April 9, 2014
I must have a dozen books on John Wayne, mostly picture and movie poster books of his movies. I have read a couple bios on him over the years and always thought I knew the Duke's story, but the new biography by Scott Eyman (see excerpt of "John Wayne, The Life And Legend" in next issue of True West) is a real eye opener. He gives all of the financials for the movies John Wayne made over his career. When you know Wayne was paid $1,000 for a Lone Star film in the early thirties (with a total budget per film of $8,000 to $12,000), and that he made Hondo in Camargo, Mexico and to see the rushes he and his crew had to drive to El Paso—five hours away!) and that the Duke is making $250,000, well you can see the career arc pretty clearly. Plus we get a close-in view of Wayne's divorce from his second wife, Chata, which cost him $375,000.
"Hondo Lane is an Army scout who has an uneasy relationship with creatures with two legs, a marginally easier one with creatures with four legs."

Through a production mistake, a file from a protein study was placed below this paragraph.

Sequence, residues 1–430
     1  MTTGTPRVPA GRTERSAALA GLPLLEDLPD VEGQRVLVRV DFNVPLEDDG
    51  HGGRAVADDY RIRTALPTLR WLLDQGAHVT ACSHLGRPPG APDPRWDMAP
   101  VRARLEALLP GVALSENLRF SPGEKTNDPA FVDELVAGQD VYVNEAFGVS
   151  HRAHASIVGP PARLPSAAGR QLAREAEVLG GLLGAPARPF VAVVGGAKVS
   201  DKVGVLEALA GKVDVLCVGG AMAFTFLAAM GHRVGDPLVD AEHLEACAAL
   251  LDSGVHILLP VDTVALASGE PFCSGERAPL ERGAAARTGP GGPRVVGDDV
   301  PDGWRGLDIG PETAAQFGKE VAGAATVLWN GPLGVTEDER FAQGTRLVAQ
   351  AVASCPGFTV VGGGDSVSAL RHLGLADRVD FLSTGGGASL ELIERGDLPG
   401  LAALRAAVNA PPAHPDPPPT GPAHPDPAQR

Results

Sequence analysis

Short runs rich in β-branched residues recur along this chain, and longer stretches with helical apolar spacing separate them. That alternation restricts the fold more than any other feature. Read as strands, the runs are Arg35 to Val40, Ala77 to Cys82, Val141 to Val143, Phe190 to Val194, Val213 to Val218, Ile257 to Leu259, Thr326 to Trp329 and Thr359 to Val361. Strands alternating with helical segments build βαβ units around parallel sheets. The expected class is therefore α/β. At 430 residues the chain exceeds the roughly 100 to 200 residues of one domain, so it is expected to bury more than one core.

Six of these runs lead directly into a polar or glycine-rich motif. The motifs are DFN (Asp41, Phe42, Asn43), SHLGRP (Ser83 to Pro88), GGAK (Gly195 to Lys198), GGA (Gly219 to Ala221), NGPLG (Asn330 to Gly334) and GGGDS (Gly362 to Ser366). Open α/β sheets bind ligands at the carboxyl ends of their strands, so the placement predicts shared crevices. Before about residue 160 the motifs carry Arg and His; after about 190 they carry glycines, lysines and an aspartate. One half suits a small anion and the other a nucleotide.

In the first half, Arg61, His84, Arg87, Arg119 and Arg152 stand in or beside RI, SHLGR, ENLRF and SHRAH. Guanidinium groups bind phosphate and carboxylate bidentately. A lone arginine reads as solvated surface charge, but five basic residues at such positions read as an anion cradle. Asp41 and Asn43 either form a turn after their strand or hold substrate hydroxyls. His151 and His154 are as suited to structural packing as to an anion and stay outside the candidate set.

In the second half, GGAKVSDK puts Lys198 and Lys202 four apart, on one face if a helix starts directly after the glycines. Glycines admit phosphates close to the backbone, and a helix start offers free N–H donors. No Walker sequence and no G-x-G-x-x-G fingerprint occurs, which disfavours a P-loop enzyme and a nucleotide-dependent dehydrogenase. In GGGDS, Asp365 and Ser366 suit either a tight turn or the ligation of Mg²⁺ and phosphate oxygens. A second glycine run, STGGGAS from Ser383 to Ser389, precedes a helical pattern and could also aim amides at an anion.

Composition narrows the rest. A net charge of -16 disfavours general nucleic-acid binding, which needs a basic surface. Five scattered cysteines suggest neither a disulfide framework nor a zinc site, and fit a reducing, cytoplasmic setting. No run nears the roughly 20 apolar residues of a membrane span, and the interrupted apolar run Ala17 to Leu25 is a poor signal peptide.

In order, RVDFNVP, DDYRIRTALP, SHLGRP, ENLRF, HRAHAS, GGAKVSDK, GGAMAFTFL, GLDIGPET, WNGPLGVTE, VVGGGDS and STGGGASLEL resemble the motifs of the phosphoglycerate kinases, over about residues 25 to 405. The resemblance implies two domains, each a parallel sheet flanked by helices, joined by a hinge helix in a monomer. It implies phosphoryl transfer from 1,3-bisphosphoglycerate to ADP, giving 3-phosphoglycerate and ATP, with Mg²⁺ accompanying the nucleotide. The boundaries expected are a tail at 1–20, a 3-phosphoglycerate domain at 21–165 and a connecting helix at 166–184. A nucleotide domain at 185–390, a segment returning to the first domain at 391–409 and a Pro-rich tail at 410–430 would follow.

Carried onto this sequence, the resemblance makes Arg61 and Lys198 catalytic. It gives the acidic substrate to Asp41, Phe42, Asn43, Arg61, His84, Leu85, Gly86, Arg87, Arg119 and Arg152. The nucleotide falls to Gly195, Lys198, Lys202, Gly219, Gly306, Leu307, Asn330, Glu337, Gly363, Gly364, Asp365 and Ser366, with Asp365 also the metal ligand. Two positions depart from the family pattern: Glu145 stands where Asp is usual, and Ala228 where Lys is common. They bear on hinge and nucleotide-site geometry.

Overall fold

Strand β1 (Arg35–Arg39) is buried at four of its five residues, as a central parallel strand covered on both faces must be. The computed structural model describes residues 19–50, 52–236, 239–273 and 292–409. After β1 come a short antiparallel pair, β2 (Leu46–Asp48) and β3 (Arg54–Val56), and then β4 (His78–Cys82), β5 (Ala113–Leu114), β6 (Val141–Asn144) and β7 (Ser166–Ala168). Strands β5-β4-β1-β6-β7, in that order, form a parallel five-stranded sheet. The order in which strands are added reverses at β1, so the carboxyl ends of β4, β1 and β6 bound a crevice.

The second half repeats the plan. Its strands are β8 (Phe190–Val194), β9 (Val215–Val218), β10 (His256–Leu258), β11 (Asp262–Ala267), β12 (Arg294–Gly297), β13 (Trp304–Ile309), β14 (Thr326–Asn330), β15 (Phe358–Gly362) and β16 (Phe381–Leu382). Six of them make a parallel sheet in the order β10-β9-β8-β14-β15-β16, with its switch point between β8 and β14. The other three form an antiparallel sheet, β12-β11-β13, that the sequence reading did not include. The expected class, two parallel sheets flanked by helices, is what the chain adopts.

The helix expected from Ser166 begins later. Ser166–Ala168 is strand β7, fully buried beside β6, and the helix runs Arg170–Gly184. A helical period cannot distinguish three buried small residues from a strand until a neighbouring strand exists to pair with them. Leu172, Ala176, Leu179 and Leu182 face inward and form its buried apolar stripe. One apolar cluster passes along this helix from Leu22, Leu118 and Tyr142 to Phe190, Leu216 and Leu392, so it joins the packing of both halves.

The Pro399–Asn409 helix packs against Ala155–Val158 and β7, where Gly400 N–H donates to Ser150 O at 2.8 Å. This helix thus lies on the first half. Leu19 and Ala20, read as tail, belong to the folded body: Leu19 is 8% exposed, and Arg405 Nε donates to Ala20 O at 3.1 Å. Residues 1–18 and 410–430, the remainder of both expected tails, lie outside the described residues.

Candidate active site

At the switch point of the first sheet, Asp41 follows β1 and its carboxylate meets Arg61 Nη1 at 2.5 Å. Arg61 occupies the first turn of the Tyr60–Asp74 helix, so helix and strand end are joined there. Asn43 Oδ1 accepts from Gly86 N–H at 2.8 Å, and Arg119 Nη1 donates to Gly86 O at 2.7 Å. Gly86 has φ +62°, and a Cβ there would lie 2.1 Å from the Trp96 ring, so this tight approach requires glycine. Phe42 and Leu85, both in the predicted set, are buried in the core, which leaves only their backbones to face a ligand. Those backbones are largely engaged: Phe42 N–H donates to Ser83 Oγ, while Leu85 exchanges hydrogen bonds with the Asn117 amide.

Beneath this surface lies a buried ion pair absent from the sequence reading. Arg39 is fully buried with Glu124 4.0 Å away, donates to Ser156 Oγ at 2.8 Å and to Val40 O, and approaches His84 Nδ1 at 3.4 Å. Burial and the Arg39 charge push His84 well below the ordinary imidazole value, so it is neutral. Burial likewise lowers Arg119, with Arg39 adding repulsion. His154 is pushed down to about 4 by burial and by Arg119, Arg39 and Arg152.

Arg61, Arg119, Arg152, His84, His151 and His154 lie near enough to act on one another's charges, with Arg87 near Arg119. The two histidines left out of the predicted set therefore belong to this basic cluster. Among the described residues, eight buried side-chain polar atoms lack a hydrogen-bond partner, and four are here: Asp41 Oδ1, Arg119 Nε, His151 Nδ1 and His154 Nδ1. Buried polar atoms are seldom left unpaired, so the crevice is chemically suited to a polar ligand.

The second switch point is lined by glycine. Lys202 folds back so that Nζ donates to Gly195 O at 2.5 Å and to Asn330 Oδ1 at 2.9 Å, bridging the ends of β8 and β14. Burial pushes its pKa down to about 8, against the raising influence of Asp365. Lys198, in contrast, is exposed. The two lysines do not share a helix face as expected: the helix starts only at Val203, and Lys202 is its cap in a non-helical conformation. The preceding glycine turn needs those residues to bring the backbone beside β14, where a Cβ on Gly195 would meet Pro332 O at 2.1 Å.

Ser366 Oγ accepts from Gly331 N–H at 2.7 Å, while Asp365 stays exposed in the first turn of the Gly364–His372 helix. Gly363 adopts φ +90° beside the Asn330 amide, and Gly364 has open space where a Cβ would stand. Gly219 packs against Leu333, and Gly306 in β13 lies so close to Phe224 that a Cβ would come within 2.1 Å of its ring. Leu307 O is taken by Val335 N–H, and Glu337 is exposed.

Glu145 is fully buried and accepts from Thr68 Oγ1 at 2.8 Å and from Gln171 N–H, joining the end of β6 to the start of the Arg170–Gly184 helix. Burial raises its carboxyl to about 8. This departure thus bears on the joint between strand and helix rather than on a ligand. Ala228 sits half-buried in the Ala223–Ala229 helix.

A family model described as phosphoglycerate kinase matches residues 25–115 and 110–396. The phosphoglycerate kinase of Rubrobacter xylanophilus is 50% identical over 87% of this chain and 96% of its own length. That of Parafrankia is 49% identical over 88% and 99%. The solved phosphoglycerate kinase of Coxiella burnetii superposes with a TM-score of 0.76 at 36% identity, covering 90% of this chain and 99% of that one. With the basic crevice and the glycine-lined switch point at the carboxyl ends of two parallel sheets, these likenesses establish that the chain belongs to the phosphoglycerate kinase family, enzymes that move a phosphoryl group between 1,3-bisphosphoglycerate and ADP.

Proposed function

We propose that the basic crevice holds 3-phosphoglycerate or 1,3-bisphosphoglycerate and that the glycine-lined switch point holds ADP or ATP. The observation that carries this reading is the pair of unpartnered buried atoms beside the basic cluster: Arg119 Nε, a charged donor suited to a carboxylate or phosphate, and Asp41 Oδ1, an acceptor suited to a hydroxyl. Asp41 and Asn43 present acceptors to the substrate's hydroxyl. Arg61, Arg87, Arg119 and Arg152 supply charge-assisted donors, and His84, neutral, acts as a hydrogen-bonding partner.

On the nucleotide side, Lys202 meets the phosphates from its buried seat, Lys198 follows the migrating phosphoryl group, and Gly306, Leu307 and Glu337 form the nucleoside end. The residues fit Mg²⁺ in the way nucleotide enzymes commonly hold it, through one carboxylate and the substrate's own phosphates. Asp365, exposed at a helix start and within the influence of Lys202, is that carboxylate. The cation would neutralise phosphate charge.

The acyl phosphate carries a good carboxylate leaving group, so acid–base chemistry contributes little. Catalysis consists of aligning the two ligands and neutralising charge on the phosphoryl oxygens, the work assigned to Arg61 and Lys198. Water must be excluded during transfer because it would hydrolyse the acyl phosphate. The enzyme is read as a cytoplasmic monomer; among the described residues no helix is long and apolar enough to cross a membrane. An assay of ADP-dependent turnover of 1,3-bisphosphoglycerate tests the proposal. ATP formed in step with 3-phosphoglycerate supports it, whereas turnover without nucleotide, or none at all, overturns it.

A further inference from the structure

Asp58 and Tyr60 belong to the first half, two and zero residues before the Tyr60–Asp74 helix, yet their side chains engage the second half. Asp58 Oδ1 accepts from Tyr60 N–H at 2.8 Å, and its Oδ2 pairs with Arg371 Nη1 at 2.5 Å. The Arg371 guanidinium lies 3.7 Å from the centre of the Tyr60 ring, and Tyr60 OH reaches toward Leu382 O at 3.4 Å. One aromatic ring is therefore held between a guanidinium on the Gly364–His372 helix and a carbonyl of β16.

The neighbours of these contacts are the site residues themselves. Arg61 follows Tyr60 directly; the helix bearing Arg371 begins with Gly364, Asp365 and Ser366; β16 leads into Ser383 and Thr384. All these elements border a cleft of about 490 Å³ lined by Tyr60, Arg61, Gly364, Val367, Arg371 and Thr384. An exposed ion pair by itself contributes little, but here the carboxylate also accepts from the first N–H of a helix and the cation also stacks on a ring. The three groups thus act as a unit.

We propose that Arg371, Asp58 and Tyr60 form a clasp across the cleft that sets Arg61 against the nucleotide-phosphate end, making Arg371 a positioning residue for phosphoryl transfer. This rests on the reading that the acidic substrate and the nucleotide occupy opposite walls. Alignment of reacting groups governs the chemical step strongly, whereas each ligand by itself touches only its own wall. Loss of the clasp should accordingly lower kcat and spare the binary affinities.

But the big eye opener for me is I have always thought B Westerns were the end result of inferior talent and poorly chosen aesthetics. Not true. As Eyman explains, "Although these pictures got no respect, and didn't earn any, there was a good amount of money to be made." The media companies, mostly Republic, were filling a need: in those days the main movie needed an opening picture, the first half of a double feature, and the combine companies that put these double features in theaters paid a flat fee, about $28,000 for the B picture. Given that Republic was padding their expenses by at least $10,000, the six pictures produced "were carried on the books as having cost $128,000 and earning a total of $1.25 million, for a net profit that must have been in the vicinity of $850,000."
So the guys, like Herb Yates, who were producing these B pictures, utilizing stock footage from older movies and slamming them out in six days, were actually geniuses, in my book, creating content for a new technology that resembles the current internet landscape more than it does anything else. Makes me appreciate their vision and ability to create these very smart movies.
"Harry Carey always wore a good hat, a good pair of boots, and what he wore in between didn't matter much."